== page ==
To put these in some perspective, you cite our flipping Libya vs their success against Italy and Spain. But Italy and Spain contribute nothing to our side of the conflict except Italian INTEL cooperation, which we still have [I don’t know much about Spain]. They don’t even contribute significant prestige or political advantage here or abroad. When Spain was on our side, there were not a bunch of people who supported us whose support we then lost when they voted the other way. That can be said of the whole of Old Europe [I don’t include Britain in Europe here]; and of Russia and China, and most of the rest of the world. Other than INTEL support, what goes on with them is all part of the game and it serves our purposes much more than theirs, because again we influence their decision making in ways that are ultimately advantageous to us.

Compare that to Libya. Libya was huge. It was huge because Libya is where Saddam’s nuke program really was. Our enemies are not stupid — they knew that building nukes in any one country was too easy to detect and respond to, so they farmed it. Dr Khan’s network key in this of course and Libya was a key node. By taking out Saddam [the money], exposing Khan [the technical capability], and then flipping Libya [manufacturing of key components] ,we gutted a network that would have put nukes in the hand of all sorts of nasty people by now, if not sooner. That’s one big dent in their capability.

As for resolve, I would argue that we have put a big dent in AQ’s resolve, and substantially eroded it’s international support. I say this on a local tactical level and on the larger national level. AQ used to enjoy the state support of Afghanistan and Iraq. Now it’s who? Somalia maybe? The Taliban used to enjoy the state support of Pakistan; they no longer do. Yes, elements in Pakistan still support them just as elements in Saudi Arabia and Egypt and elsewhere offer support to AQ and other terrorists, but there is a big difference between that and state support. So I count those as putting a dent in our enemy’s resolve.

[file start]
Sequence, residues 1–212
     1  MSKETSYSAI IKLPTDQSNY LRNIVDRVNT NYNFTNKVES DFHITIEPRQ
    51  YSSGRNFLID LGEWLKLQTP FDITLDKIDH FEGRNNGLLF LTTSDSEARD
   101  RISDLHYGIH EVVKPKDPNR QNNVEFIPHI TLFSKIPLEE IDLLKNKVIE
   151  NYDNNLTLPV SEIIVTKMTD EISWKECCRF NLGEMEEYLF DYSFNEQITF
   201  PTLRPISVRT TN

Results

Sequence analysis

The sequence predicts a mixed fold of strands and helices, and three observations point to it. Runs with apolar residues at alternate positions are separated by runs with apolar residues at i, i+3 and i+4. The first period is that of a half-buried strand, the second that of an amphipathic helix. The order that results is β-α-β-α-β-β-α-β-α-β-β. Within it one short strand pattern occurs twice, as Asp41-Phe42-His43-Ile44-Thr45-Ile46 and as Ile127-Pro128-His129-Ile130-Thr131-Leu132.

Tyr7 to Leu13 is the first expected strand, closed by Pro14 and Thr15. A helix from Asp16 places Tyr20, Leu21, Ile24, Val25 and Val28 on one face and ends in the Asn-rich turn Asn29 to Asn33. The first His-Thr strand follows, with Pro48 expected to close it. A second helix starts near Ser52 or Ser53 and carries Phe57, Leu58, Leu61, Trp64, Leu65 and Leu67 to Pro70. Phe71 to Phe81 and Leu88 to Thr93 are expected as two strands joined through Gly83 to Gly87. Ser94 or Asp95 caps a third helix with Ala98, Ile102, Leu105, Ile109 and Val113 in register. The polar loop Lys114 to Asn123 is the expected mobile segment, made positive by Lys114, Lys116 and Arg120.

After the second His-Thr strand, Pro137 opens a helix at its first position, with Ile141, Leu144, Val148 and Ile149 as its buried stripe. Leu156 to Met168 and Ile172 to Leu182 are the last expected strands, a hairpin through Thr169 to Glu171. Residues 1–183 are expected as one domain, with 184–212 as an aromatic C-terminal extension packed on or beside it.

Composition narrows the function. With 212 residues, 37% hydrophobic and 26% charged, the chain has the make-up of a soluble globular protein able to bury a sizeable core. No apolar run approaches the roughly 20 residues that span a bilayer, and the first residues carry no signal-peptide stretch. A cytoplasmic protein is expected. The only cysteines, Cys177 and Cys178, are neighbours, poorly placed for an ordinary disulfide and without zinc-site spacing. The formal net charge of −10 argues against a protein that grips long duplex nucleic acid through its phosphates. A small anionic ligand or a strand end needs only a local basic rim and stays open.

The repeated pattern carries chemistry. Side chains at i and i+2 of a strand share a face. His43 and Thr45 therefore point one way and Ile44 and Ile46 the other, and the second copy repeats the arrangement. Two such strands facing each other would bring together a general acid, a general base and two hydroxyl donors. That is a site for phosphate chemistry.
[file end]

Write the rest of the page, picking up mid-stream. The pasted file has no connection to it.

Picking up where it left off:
When I count these against what the terrorists have accomplished since 9/11, I say we are making great progress. One can quibble I suppose about how these success should be classified, but my point is that our IW efforts are tightly integrated into everything we do from military ops to counter-terrorist “police” activities to diplomacy; so much so that they are no longer distinguishable — I’m not sure the military even calls it IW anymore. It just part of what we do. That why I took issue with your statement that we are behindhand when in fact, we leapfrogged. That’s why so few noticed.

Finally when Cardinalpark characterizes our enemies as delusional, incompetent lunatics, he not entirely wrong. But what is more important is that the IW of our strategy has made the their delusions and incompetence matter. The key in IW is to get your enemy to do dumb things you can then exploit by other means, and I think part of why they appear so incompetent that we are having significant success against them.